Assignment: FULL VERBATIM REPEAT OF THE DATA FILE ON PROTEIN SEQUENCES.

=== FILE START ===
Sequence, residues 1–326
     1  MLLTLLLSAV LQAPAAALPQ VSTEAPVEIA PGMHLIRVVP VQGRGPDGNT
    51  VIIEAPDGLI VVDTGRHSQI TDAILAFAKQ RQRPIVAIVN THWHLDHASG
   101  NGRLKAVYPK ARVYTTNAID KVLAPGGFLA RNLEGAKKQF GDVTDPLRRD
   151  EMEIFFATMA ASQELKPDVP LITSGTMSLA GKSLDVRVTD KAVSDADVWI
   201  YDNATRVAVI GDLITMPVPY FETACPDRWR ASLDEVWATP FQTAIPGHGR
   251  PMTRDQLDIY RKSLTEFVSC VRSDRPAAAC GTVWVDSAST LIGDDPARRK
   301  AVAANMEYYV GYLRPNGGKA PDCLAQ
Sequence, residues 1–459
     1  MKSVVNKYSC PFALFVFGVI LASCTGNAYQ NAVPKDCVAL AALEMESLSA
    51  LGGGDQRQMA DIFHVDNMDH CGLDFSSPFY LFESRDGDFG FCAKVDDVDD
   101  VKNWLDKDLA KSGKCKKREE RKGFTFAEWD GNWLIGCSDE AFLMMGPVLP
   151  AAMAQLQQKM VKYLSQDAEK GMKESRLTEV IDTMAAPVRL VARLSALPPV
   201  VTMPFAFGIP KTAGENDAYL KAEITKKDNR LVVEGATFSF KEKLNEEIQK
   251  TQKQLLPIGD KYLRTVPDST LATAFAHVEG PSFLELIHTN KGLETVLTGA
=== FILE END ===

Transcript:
Sequence, residues 1–326
     1  MLLTLLLSAV LQAPAAALPQ VSTEAPVEIA PGMHLIRVVP VQGRGPDGNT
    51  VIIEAPDGLI VVDTGRHSQI TDAILAFAKQ RQRPIVAIVN THWHLDHASG
   101  NGRLKAVYPK ARVYTTNAID KVLAPGGFLA RNLEGAKKQF GDVTDPLRRD
   151  EMEIFFATMA ASQELKPDVP LITSGTMSLA GKSLDVRVTD KAVSDADVWI
   201  YDNATRVAVI GDLITMPVPY FETACPDRWR ASLDEVWATP FQTAIPGHGR
   251  PMTRDQLDIY RKSLTEFVSC VRSDRPAAAC GTVWVDSAST LIGDDPARRK
   301  AVAANMEYYV GYLRPNGGKA PDCLAQ
Sequence, residues 1–459
     1  MKSVVNKYSC PFALFVFGVI LASCTGNAYQ NAVPKDCVAL AALEMESLSA
    51  LGGGDQRQMA DIFHVDNMDH CGLDFSSPFY LFESRDGDFG FCAKVDDVDD
   101  VKNWLDKDLA KSGKCKKREE RKGFTFAEWD GNWLIGCSDE AFLMMGPVLP
   151  AAMAQLQQKM VKYLSQDAEK GMKESRLTEV IDTMAAPVRL VARLSALPPV
   201  VTMPFAFGIP KTAGENDAYL KAEITKKDNR LVVEGATFSF KEKLNEEIQK
   251  TQKQLLPIGD KYLRTVPDST LATAFAHVEG PSFLELIHTN KGLETVLTGA